Date of Degree
Nancy K. Miller
American Art and Architecture | American Film Studies | American Literature | American Material Culture | American Popular Culture | Architectural History and Criticism | Disability Studies | Literature in English, North America
trauma, memory, care theory, museums, memorials
This dissertation is a reflection on how loss was articulated in the wake of 9/11. The terror attacks engendered a memorial style that sought to give shape to grief, acknowledging it without filling it in or erasing it. This new style, which I term embodied absence, exists across a range of mediums, from literature to architecture. It is such a potent memorial form because it also captures the traumatic process, which is prolonged, layered, and potentially open-ended. However, despite their ability to mirror the nature of trauma, instances of embodied absence never verbalize the attacks’ root trauma—the disconnect between our idealized conception of the American state, and the inegalitarian, hypercapitalist reality 9/11 revealed. This root trauma is sometimes gestured at and acknowledged, but it is never grappled with in any direct or meaningful way. Nonetheless, it looms with an overwhelming presence in the post-9/11 consciousness, and has reshaped our relationship with the state. Though we have not addressed the root trauma, we have taken steps to correct it, and those steps have expanded our expectations of what kind of care the state should provide and how it should provide that care.
This dissertation is structured, to a certain degree, as a call and response. The first half looks at cultural attempts to represent grief, while the second half examines concrete efforts to remedy it. In the first chapter, I outline how the representational style of embodied absence evolved and discuss literary examples of the style, such as the novel Extremely Loud and Incredibly Close and the comic In the Shadow of No Towers, demonstrating how embodied absence in these texts mirrors the layered and ongoing nature of trauma. In the second chapter, I examine the renewed interest after 9/11 in the Twin Towers and the wire walk Philippe Petit performed between them, and how they became symbols that enabled us to consider the root trauma from the safe remove of a double metaphor. The third chapter looks at the type of care enacted by the 9/11 Repository as it seeks to identify the remains of all 9/11 victims; I argue that this is a new type of care relationship that demonstrates, contrary to prevailing care theory, that institutions are capable of performing direct acts of care. Finally, chapter four performs a close reading of the 9/11 Museum, arguing that the while the museum has the capacity to enact institutional care in the same way that the 9/11 Repository does, it fails to do so.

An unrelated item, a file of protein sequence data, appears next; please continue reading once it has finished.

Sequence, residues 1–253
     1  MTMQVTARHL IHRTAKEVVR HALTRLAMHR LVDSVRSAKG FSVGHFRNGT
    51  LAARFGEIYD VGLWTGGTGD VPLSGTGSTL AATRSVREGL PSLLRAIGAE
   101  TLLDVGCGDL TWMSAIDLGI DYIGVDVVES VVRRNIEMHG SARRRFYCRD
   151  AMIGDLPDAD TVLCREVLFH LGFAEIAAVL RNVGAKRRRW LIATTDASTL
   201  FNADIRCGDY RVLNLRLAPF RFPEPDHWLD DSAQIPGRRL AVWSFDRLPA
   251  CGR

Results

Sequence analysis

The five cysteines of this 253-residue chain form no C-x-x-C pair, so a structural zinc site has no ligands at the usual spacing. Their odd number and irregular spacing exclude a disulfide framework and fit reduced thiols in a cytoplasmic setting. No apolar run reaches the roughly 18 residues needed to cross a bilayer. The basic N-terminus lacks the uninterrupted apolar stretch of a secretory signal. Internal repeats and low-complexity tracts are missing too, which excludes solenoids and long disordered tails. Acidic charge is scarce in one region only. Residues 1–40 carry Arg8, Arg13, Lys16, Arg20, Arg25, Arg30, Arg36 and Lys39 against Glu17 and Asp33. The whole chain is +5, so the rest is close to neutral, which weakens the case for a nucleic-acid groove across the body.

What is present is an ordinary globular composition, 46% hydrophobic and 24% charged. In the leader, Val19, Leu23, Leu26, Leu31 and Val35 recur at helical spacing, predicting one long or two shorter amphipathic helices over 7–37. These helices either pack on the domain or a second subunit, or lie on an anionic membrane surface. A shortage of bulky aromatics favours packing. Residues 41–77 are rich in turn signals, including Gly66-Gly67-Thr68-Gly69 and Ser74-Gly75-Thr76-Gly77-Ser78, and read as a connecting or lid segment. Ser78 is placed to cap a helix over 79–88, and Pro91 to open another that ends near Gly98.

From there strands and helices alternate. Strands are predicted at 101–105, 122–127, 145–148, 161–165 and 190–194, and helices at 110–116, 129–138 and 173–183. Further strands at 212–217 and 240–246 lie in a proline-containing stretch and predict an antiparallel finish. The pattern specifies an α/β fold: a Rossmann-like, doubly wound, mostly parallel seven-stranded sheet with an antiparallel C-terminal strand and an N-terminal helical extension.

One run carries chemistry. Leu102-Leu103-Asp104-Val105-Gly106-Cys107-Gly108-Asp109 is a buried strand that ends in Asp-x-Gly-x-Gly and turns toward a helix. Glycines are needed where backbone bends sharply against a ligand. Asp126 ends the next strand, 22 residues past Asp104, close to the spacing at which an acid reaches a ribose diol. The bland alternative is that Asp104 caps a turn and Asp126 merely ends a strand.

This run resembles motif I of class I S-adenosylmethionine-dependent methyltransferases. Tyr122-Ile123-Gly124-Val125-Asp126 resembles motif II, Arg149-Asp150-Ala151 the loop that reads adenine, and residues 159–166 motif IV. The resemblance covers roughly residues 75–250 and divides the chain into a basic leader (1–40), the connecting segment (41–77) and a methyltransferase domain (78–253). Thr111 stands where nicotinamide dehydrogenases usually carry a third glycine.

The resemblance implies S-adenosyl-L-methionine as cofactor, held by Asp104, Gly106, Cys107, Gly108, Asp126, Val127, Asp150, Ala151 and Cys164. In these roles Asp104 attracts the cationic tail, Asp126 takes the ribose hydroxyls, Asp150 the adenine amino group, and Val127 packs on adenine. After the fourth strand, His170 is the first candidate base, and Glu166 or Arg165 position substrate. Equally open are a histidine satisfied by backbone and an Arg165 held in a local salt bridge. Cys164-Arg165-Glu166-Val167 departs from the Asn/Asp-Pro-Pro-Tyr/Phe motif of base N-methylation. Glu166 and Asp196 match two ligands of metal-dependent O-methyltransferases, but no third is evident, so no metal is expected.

Riemenschneider, Sophie L., ""Never Forget": Embodied Absence and Extended Relations of Care After 9/11" (2021). CUNY Academic Works.
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